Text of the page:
Just a few blocks behind Tokyo’s Imperial Hotel is a cluster of eateries by the train tracks and highway in a thoroughfare known, fittingly, as Korido-gai, or Corridor Road.

The pizza, seafood, grilled chicken and countless other joints crammed together along Korido-gai are mostly cheap and cheerful watering holes where salarymen take refuge after a day’s work.

One notable exception is Honokawa, a Japanese restaurant with its roots in Osaka serving Kansai-style Japanese cuisine, which is generally lighter and more subtle in taste than Tokyo-style cooking.

A relative newcomer to the area, Honokawa is celebrating its first anniversary in Ginza this November.

On a recent visit, the Y2,500 lunch we ordered was a seven-course feast, which began with a light appetizer of goma-dofu (sesame tofu) seasoned with ume (pickled plum) and wasabi.

goma sesame tofu

A cool dish of goma dofu to whet the appetite.

This was followed by the requisite sashimi course, but at Honokawa, the artfully arranged dish was enhanced by garnishes of fresh eggplant, seaweed and broccoli.

tuna, sea bream, scallop

Tuna, sea bream, Japanese amberjack and scallop sashimi on ice.

The owan, or clear soup with a hamo (daggertooth pike conger) dumpling, a piece of carrot and shaved daikon radish, managed to be beautifully transparent without sacrificing any of its flavor.

hamo no owan

A slice of shaved daikon radish covers the hamo dumpling.

Next came grilled ayu (sweetfish), a favorite summer dish that makes an appearance at many fine Japanese dining establishments accompanied by a relish, such as myoga (Japanese ginger).


The ayu is skewered to look like it is still swimming.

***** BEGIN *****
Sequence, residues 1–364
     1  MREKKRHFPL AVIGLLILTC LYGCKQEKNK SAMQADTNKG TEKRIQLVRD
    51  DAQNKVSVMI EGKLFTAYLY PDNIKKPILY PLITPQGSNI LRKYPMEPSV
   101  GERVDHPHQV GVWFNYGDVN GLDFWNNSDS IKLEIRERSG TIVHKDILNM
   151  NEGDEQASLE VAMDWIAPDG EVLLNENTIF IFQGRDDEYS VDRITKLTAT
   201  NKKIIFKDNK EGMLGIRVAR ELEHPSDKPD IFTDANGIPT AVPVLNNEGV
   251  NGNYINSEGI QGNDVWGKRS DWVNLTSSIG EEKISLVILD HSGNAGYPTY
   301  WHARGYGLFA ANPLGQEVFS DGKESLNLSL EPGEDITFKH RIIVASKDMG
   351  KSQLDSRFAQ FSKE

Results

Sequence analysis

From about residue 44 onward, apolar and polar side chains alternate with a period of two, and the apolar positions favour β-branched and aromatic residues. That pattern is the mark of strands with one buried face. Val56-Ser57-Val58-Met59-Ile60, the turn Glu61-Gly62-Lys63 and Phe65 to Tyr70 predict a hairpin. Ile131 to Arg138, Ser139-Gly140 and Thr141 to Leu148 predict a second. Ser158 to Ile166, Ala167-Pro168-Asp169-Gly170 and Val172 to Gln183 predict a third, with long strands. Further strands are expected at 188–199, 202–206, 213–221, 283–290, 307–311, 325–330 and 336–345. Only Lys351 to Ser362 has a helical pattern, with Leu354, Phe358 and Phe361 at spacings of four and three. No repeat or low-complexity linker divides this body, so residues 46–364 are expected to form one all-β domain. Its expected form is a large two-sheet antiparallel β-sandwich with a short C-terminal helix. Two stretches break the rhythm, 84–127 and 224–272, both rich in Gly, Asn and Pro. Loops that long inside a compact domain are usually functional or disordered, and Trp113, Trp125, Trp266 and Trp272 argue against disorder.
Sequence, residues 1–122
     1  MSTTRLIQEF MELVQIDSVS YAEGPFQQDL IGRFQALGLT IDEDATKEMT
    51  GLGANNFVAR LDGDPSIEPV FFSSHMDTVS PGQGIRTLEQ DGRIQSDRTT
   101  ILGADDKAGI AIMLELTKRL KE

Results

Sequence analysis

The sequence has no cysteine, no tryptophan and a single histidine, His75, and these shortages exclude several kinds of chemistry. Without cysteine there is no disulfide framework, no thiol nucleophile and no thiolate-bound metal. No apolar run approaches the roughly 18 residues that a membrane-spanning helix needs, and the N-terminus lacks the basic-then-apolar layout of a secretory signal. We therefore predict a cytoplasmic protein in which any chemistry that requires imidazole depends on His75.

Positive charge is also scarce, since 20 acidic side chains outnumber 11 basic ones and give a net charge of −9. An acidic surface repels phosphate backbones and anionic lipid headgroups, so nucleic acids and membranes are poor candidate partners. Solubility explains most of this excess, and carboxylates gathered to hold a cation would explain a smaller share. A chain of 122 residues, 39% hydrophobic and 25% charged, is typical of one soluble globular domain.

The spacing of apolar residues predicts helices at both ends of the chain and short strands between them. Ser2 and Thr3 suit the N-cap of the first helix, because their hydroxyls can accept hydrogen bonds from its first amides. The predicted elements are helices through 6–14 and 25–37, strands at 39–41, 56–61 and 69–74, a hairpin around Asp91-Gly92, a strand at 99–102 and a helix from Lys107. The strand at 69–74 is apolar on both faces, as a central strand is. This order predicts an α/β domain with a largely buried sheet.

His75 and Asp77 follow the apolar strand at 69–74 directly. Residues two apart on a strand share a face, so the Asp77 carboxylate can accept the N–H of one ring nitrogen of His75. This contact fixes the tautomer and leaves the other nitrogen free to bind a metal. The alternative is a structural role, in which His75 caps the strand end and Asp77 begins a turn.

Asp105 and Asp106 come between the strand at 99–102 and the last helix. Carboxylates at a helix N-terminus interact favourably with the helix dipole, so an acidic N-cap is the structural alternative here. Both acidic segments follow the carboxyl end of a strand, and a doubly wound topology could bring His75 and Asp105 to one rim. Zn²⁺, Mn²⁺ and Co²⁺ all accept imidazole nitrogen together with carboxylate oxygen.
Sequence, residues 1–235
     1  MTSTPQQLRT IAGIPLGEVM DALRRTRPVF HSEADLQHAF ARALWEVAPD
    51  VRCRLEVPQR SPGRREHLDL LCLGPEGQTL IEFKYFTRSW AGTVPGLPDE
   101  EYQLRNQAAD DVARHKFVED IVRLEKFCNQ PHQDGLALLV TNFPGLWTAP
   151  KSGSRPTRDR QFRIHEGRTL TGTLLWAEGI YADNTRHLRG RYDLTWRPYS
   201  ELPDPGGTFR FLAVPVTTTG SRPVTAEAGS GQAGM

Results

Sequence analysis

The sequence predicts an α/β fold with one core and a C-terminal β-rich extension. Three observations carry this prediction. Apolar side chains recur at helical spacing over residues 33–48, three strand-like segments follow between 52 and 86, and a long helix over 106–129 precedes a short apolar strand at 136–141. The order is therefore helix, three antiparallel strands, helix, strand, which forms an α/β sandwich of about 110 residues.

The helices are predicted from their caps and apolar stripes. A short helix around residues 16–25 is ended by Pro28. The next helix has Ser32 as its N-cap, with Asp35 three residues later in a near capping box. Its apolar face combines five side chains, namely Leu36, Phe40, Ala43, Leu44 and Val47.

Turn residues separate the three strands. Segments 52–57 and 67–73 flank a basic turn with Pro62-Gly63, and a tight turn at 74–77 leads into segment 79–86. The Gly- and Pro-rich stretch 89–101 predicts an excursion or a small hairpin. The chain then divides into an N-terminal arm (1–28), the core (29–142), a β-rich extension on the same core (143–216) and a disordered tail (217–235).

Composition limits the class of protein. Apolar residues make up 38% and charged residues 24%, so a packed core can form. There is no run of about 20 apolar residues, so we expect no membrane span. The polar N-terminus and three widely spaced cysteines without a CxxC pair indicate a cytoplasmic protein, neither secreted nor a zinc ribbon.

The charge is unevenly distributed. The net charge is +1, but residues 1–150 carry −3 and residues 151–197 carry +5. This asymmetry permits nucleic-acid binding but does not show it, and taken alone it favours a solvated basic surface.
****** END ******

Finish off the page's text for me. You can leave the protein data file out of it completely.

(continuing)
Our fish was accompanied by two cloud-like heaps of egg whites containing salt to season the fish, some chopped ginger and pumpkin and matcha green tea shaped in the form of a maple leaf.

Even as I sat wondering if there was more food on the way, a young chef brought in two empty plates with a pile of grated daikon radish and ginger and lemon wedges. Additionally, there was a small bowl of tempura sauce and another small plate of matcha, or green tea, flavored salt.


Hot, crisp tempura.

The three pieces of tempura were each brought in straight after being fried, beginning with the assorted vegetables, followed by corn tempura and finally a small ayu wrapped in shiso.

The savory part of the meal closed with a bowl of rice, pickles and miso soup and dessert was a square of tofu cheese cake with blueberry sauce, a piece of melon and a slice of pear.


A perfect mixture of textures and sweetness to end the meal.

At lunch, Honokawa also offers a course at Y1,500 and a slightly more expensive course at Y3,500.

Hinting at the challenges of breaking into the Tokyo kaiseki-scene, Honokawa’s okami-san, or female maître d’, joked

about the differences in pace and culture between Kansai and the vast metropolis of Tokyo.

Either way, Honokawa has already made a mark with its refined cuisine and painstaking service.

It’s certainly hard to beat these prices for the high quality cuisine Honokawa offers particularly as it is located just a stone’s throw away from central Ginza.

Ginza Honokawa

Address : 6th floor Nishi Ginza Building

6-3-11 Ginza

Chuo-ku, Tokyo

Tel : 03-6264-5979/5978

Website :http://www.honokawa.com/ginnza/index_english.html#lunchenglish


Lunch : 11:30-14:00

Dinner : 17:00-23:00

Closed : Sundays, Holidays


Lunch courses : Y1,500, Y2,500, Y3,500

Y5,000 Y8,000 (kaiseki courses)


Dinner courses : Y10,000, Y13,000, Y20,000

(see the above English website for more details)